Positive Impacts:

  • Frac sand mining can inject economic benefits into local communities and regions.
  • Mining operations can generate tax revenue for local governments to fund public services and infrastructure enhancements.
  • Frac sand is pivotal in hydraulic fracturing, facilitating increased oil and natural gas production, contributes to energy security, and reduces reliance on foreign energy sources.
  • Frac sand mining can diversify regions’ economic foundations, particularly those previously reliant on a single industry, such as agriculture.

Negative Impacts:

  • Frac sand mining often necessitates vegetation removal and sand excavation from natural landscapes, potentially leading to habitat destruction for plants and wildlife.
  • Frac sand mining and processing demand substantial water usage for washing and processing the sand, exerting pressure on local water sources, particularly in areas with limited water availability.
  • Dust emissions from frac sand mining and processing operations can pose health risks to nearby communities and impact air quality. Fine particulate matter (PM2.5) may become airborne during sand processing and transportation, potentially resulting in respiratory problems and other health issues.
  • The energy-intensive nature of frac sand processing (including crushing, drying, and transportation) contributes to greenhouse gas emissions.
  • Proper land reclamation and restoration are essential post-mining operations to ensure the land is suitable for alternative land uses or returned to its natural state.


Regulatory Requirements and Environmental Assessments

Both environmental consultants, engineers, and geologists assist in navigating complex regulatory requirements related to frac sand mining. Environmental consultants play a crucial role in supporting frac sand development by providing expertise and conducting assessments to ensure that mining operations are conducted responsibly and in compliance with environmental regulations and that environmental techniques, strategies, and technology are employed to make the work as cost-effective as possible.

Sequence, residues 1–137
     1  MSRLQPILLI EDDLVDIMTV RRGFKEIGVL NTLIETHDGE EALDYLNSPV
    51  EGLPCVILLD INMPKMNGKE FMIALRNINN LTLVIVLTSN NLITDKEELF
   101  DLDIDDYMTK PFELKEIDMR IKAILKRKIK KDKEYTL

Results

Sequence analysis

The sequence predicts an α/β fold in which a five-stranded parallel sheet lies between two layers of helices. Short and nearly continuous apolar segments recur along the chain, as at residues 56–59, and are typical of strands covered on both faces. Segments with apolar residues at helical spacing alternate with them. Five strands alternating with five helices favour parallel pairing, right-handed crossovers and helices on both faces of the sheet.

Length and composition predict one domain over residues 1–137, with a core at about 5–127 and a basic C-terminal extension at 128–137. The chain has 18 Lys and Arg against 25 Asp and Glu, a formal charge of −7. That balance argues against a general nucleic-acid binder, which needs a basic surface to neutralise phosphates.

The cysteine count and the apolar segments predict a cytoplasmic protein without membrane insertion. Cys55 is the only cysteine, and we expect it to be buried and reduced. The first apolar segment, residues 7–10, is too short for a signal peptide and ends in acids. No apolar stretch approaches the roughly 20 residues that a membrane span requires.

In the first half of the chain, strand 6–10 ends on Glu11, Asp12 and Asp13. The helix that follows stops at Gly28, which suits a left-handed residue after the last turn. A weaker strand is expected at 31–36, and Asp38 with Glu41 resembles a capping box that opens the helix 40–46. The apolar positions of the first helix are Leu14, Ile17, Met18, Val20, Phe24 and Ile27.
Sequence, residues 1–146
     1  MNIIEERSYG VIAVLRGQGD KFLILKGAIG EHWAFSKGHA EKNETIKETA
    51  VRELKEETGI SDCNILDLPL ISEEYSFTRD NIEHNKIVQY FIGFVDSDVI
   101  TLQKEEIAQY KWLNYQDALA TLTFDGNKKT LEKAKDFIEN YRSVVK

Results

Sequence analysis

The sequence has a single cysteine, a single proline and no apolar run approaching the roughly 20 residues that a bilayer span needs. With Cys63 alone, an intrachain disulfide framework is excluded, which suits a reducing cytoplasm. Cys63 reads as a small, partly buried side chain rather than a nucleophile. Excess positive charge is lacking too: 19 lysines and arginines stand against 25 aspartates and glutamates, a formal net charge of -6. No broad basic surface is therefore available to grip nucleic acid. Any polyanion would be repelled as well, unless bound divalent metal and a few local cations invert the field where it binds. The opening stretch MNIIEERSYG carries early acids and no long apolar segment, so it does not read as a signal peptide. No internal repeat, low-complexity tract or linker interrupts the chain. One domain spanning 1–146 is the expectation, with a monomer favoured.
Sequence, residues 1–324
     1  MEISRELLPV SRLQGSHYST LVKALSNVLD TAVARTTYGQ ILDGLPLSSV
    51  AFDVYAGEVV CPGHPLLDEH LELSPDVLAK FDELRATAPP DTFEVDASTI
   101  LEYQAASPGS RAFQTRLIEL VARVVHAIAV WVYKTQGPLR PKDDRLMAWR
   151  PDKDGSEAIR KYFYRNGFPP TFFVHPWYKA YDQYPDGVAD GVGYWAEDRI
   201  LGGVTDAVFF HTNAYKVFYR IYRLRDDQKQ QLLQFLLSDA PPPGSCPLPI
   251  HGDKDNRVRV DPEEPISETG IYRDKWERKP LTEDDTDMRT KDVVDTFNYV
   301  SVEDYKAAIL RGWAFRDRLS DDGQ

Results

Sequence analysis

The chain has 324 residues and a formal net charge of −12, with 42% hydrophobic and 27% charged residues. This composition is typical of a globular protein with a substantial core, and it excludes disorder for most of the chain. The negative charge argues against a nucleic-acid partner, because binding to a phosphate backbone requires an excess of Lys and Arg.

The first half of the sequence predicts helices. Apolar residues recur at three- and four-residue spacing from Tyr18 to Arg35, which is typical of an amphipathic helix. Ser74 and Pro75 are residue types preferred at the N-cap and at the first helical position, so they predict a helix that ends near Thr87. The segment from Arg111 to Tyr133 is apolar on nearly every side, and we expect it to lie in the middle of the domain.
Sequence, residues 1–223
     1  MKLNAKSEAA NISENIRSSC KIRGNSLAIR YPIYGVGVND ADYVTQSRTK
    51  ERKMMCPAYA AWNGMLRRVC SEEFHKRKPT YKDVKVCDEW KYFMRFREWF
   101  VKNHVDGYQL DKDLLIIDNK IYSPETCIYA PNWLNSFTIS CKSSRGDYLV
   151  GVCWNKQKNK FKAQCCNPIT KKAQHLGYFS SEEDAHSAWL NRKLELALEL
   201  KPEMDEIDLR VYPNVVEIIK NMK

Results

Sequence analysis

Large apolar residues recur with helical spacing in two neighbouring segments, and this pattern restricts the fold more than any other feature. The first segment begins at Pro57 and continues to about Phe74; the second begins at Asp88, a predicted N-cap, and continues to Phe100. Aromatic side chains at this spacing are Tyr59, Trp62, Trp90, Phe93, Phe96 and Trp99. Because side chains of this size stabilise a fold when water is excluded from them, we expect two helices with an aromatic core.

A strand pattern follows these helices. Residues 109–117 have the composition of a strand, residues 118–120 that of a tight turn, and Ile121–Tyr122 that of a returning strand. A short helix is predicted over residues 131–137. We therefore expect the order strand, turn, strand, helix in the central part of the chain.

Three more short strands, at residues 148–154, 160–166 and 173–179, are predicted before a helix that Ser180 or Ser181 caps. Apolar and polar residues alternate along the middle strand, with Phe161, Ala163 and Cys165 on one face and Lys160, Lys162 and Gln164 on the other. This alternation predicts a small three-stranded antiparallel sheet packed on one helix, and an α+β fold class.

Environmental consultants conduct environmental assessments to assess the potential environmental impacts of frac sand mining operations.

  • Consultants may recommend habitat restoration and conservation measures to mitigate the impact of mining activities on local ecosystems. Measures can involve re-vegetation, wetland restoration, and wildlife habitat preservation.
  • Consultants assess the water needs of frac sand mining operations and help develop sustainable water management plans. Plans include evaluating water sources, usage, and strategies for minimizing the environmental impact of water withdrawals.
  • Consultants monitor and assess air quality in and around frac sand mining sites to ensure compliance with air quality standards. They may recommend dust control measures, monitor emissions from processing and transportation activities, plus provide industrial health & safety protocols.
  • Consultants also assist in developing reclamation and closure plans that outline how to restore and reclaim mined areas once mining activities cease.


Drawing a Line in the Sand

Frac sand mining operation.

Frac sand development encompasses identifying, extracting, processing, and delivering high-quality sand to support frac operations within the oil and gas industry. Demand for frac sand is substantial, with each well requiring as much as 10,000 tons. This demand has led to a concentration of production in locations capable of providing high-purity silica sand grains, particularly as the industry seeks finer sand. Over the past five years, the frac sand supply chain revolution has been one of the most innovative subsectors in the unconventional oil and gas space.

This process requires a careful balance of environmental, regulatory, and economic considerations to ensure this essential resource’s responsible and sustainable supply. Ongoing research and innovation to meet evolving industry demands and optimize the efficiency and effectiveness of hydraulic fracturing operations while minimizing environmental impacts continues. Furthermore, collaboration among mining companies, environmental consultants, geologists, and regulatory authorities is key to the responsible development of frac sand resources that benefit the industry and the environment.